Discussion in 'Feedback and Suggestions' started by Tesla00010010, Jan 27, 2009.

1. ### Tesla00010010 Thread Starter Member

Jun 20, 2008
21
0
Hello to everyone

i just wanted to comment about the article "Capacitors and Calculus" on the first volume of this textbooks.
The problem is that the author shows voltage and current changes in a capacitor in a linear way rather than logarithmically as it really is.I pressume that the author did it that way for didactical purposes by showing simple geometrical forms and the rate of changes of the magnitudes,but i think it can be very misleading to new students since he doesn't mention that what he wrote does not happens in real life.I would like to know what u think about this.

Thanks

2. ### mik3 Senior Member

Feb 4, 2008
4,846
69
Ic=C*dV/dt

If you increase the voltage V across the capacitor linearly with time then the term dV/dt will increase linearly and thus the current because C is constant.

3. ### Tesla00010010 Thread Starter Member

Jun 20, 2008
21
0
i understand what you mean,but is there a real way of increasing voltage linearly?the capacitor charges always exponentially or at least that is what i have seen so far not only in theory but measuring in a real circuit too

4. ### Tesla00010010 Thread Starter Member

Jun 20, 2008
21
0
I think you are right,im confusing the voltage in capacitor with a fixed voltage source value and in the article he mentions a variable voltage source. which would indeed give a linear current through the capacitor.Anyways,i think its worth to point out the difference because i got confused.Thanks

5. ### kubeek Expert

Sep 20, 2005
5,413
1,030
If you connect it to a triangle voltage source with near-zero source impedance, then it surely will increase voltage linearily.

6. ### studiot AAC Fanatic!

Nov 9, 2007
5,003
521
Tesla I think you have a valid point.

Looking at the page concerned the capacitor is question is supplied from a DC battery. Therefore it will indeed charge or discharge in an exponential fashion.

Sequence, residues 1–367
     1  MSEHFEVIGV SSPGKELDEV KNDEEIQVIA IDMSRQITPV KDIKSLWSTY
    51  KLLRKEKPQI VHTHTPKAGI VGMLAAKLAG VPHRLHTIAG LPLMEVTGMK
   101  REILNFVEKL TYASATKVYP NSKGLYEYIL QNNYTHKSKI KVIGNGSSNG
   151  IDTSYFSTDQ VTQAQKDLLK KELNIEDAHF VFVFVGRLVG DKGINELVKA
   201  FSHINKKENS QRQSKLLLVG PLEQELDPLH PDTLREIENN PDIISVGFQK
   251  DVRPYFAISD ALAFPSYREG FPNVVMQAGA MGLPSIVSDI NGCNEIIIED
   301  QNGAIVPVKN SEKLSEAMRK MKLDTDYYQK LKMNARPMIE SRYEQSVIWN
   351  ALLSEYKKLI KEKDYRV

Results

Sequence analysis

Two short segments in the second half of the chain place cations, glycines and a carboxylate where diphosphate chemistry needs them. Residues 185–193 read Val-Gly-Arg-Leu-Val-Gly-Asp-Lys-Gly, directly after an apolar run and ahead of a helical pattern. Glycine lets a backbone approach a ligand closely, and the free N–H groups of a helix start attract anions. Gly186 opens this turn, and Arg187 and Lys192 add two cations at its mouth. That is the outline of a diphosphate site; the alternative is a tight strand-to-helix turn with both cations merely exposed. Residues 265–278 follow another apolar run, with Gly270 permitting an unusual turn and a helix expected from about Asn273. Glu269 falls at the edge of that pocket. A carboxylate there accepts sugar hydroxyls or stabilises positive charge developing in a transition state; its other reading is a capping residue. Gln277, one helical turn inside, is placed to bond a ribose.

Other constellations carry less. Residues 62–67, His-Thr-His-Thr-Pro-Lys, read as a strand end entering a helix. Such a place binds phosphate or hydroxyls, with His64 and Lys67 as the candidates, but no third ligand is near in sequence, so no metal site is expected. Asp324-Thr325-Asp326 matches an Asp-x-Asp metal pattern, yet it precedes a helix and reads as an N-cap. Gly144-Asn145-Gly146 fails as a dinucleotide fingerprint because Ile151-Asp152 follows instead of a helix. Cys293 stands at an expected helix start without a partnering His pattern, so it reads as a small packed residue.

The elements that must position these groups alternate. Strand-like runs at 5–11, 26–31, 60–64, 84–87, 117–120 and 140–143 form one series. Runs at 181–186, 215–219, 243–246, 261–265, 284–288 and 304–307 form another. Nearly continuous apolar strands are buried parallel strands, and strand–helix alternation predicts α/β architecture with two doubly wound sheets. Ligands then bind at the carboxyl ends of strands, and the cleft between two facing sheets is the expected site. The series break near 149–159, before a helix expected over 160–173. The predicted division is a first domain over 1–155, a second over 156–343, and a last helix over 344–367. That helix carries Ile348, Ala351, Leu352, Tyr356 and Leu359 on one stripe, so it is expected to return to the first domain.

Two things to remember however.

Firstly
Capacitors are normally ised in AC circuits, not DC ones. i.e. they pass AC, not DC.
they will then be charged and discharged from a time varying voltage, which may be sinusoidal, or Kubeeks triangle or whatever. Then they current waveform will not be exponential, but will be the same shape as the driving AC voltage.

Secondly
We often approximate a small portion of a non linear curve by a straight line.

Perhaps a note to this effect might be usefully added to the text?

7. ### mik3 Senior Member

Feb 4, 2008
4,846
69
In the text the author explains that the pot is varied linearly and thus the DC voltage form the battery becomes variable voltage.

8. ### Ratch New Member

Mar 20, 2007
1,068
4
Tesla000100010,

The voltage across the capacitor will vary exponentially (not logrithmically) if the capacitor is charged (with energy) from a constant voltage source. The voltage will vary linearly if the capacitor is charged (with energy) from a constant current source, V=Q/C . So if the charge imbalance is increased at a constant rate, and it will be from a constant current source, then the voltage increase will be linear.

Ratch

9. ### jpanhalt Expert

Jan 18, 2008
6,805
1,399
The paragraph immediately before the graph in question begins,
It seems clear to me what is meant.

John

10. ### studiot AAC Fanatic!

Nov 9, 2007
5,003
521
What you say is strictly true,
but

how many engineers do you guys know who can stand and twiddle a pot at an exactly linear rate, repetitively or otherwise?

Seems to me to be a remarkably clumsy artifice to foist onto a beginner.

It is not what the experienced engineer finds clear, but what is most easily digestible by a beginner.

Especially after (s)he has been shown the exponential charge curve for a capacitor.

I vote for improvement.

Last edited: Jan 28, 2009
11. ### jpanhalt Expert

Jan 18, 2008
6,805
1,399
You don't mean to say that Maxwell's Demon doesn't really exist either, do you?

Although I don't think the description in AAC will quite reach the stature of Maxwell's thought experiment, it is one thing to criticize the accuracy of a statement, and quite another to disagree with the pedagogical approach. I found the author's description clear and not at all ambiguous as to whether it was intended as a real or thought experiment.

John

12. ### studiot AAC Fanatic!

Nov 9, 2007
5,003
521
I thought Maxwell's Demon was still on his Christmas hols.

13. ### Wendy Moderator

Mar 24, 2008
21,494
2,961
Maxwell's Demon is right outside my door, raining water that is freezing when it hits the ground. Call it the Dallas Texas equivalent of snow.